From 1934 until his death in 1968, Cornell Woolrich wrote dozens of “tales of love and despair” that chill the heart and display his mastery of the genre he all but created. In a title for a story he never wrote, he captured the essence of his tortured world: “First you dream, then you die.”
Introducing these 13 tales, Nevins describes the dark world Woolrich so vividly creates. “The dominant reality in his world is the Depression, and Woolrich has no peers when it comes to describing a frightened little guy in a tiny apartment with no money, no job, a hungry wife and children, and anxiety eating him like a cancer. If a Woolrich protagonist is in love, the beloved is likely to vanish in such a way that he not only can’t find her but can’t convince anyone she ever existed.”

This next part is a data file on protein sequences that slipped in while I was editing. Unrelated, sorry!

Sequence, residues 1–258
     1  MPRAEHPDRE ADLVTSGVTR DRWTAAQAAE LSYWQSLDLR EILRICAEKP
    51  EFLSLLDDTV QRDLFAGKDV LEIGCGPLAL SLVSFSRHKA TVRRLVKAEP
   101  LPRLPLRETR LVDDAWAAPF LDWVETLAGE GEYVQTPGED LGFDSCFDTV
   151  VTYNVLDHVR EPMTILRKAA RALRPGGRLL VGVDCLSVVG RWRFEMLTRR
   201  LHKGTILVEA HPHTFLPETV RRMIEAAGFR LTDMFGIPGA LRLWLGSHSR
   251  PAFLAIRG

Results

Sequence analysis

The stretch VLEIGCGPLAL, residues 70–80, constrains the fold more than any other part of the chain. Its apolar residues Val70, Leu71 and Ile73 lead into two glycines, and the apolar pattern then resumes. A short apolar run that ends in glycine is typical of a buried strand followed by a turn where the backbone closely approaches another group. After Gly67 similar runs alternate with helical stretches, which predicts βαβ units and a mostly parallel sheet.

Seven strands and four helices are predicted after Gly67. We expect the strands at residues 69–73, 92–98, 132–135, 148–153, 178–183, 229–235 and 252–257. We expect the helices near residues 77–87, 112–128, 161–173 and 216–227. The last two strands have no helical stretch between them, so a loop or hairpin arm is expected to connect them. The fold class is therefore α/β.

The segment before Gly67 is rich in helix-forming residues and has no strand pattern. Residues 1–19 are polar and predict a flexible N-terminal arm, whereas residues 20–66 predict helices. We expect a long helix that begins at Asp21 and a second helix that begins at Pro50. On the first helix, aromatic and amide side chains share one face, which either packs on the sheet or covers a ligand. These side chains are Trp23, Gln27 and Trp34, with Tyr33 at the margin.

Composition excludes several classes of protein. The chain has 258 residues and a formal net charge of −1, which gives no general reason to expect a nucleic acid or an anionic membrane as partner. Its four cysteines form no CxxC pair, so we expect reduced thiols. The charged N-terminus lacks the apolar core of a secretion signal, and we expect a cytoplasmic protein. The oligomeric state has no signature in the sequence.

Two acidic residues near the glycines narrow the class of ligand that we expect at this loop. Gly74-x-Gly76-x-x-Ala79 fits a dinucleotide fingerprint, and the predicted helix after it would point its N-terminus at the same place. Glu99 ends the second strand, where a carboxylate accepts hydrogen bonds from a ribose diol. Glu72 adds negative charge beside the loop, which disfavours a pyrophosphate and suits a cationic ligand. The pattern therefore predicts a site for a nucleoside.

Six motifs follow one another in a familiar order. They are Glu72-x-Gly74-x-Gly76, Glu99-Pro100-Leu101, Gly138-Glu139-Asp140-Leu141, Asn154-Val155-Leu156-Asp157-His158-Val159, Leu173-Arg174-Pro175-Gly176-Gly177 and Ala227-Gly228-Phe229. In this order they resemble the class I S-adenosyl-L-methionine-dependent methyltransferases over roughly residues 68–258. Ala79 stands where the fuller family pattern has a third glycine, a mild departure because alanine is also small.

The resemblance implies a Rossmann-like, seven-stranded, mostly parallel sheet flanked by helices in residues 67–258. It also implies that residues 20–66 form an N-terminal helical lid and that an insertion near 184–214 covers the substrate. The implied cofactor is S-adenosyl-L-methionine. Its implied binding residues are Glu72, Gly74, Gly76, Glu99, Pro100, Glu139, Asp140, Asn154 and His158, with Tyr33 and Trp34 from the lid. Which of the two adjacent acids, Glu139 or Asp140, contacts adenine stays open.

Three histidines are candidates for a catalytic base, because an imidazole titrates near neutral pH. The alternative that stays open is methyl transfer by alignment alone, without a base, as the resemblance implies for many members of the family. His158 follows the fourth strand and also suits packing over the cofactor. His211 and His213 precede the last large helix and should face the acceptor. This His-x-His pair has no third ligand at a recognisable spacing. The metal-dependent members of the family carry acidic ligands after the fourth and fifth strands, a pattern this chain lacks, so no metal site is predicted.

About the Author
Frances M. Nevins, Jr., a Professor at the St. Louis University School of Law, has received the Mystery Writers of America Edgar Allen Poe Award for criticism.
Martin H. Greenberg is on the faculty of the College of Community Services at the University of Wisconsin, Green Bay.